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Encyclopedia > Atlas (topology)

In topology, a branch of mathematics, an atlas describes how a complicated space called a manifold is glued together from simpler pieces. Each piece is given by a chart (also known as coordinate chart or local coordinate system). A MÃ¶bius strip, a surface with only one side and one edge; such shapes are an object of study in topology. ... Euclid, Greek mathematician, 3rd century BC, known today as the father of geometry; shown here in a detail of The School of Athens by Raphael. ... Topological spaces are structures that allow one to formalize concepts such as convergence, connectedness and continuity. ... On a sphere, the sum of the angles of a triangle is not equal to 180Â°. A sphere is not a Euclidean space, but locally the laws of the Euclidean geometry are good approximations. ...

More precisely, an atlas for a complicated space is constructed out of the following pieces of information:

• A list of spaces that are considered simple.
• For each point in the complicated space, a neighborhood of that point that is homeomorphic to a simple space. The homeomorphism is called a chart.
• We require the different charts to be compatible. At the minimum, we require that the composite of one chart with the inverse of another be a homeomorphism (known as a change of coordinates or a transition function), but we usually impose stronger requirements, such as smoothness.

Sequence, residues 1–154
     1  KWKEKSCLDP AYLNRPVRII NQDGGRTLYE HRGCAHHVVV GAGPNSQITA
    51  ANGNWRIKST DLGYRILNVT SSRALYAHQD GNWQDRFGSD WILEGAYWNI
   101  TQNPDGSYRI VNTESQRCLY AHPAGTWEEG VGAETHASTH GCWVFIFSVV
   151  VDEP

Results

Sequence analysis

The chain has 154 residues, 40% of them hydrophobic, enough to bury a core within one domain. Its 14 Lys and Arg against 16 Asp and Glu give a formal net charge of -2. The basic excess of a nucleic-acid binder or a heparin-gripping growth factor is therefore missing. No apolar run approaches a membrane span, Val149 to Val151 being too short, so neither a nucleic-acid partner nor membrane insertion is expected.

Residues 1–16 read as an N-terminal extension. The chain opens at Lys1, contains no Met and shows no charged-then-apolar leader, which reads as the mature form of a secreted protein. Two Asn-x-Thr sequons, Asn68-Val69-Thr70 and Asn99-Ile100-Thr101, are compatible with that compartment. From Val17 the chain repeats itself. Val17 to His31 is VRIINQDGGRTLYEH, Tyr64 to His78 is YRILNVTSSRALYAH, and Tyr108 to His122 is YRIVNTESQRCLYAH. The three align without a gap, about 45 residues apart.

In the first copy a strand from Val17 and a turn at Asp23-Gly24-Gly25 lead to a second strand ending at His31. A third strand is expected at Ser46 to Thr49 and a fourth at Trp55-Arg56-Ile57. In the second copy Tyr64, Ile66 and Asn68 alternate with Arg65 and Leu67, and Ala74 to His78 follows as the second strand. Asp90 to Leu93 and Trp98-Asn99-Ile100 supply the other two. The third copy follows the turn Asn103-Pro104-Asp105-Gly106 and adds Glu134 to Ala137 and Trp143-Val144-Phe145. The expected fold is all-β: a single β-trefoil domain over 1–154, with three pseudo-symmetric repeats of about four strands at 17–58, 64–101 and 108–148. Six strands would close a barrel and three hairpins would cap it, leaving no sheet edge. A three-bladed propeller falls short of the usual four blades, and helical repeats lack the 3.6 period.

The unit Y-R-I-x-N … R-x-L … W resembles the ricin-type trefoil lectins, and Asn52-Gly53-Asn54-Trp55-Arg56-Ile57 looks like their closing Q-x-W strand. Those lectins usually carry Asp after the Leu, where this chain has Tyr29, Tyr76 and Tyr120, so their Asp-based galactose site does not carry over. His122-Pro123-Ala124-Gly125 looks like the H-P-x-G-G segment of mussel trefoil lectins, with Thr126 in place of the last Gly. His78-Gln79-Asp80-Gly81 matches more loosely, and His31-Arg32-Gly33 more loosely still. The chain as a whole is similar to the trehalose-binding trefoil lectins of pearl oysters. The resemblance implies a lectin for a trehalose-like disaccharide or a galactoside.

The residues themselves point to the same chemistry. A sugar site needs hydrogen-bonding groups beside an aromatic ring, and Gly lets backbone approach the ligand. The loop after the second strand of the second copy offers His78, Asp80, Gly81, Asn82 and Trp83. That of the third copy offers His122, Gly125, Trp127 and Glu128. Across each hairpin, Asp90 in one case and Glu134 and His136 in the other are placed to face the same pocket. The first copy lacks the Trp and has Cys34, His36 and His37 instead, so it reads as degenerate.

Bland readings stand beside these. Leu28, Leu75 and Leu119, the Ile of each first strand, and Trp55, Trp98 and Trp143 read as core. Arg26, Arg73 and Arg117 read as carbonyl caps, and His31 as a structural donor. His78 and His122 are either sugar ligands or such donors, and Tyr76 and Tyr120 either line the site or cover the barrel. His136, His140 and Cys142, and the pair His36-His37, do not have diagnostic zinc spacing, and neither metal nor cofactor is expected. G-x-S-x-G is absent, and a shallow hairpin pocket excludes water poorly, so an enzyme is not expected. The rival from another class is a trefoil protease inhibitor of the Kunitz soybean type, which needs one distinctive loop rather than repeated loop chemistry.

This definition of atlas is exactly analogous to the non-mathematical meaning of atlas. Each individual map in an atlas of the world gives a neighborhood of each point on the globe that is homeomorphic to the plane. While each individual map does not exactly line up with other maps that it overlaps with (because of the Earth's curvature), the overlap of two maps can still be compared (by using latitude and longitude lines, for example). This is a glossary of some terms used in the branch of mathematics known as topology. ... In the mathematical field of topology a homeomorphism or topological isomorphism (from the Greek words homeos = identical and morphe = shape) is a special isomorphism between topological spaces which respects topological properties. ... In mathematics, a smooth function is one that is infinitely (indefinitely) differentiable, i. ... For other meanings of Atlas, see Atlas (disambiguation). ... Two intersecting planes in three-dimensional space In mathematics, a plane is a fundamental two-dimensional object. ...

Different choices for simple spaces and compatibility conditions give different objects. For example, if we choose for our simple spaces Rn, we get topological manifolds. If we also require the coordinate changes to be diffeomorphisms, we get differentiable manifolds. In mathematics, a manifold M is a type of space, characterized in one of two equivalent ways: near every point of the space, we have a coordinate system; or near every point, the environment is like that in Euclidean space of a given dimension. ... In mathematics, a diffeomorphism is a kind of isomorphism of smooth manifolds. ... This article or section is in need of attention from an expert on the subject. ...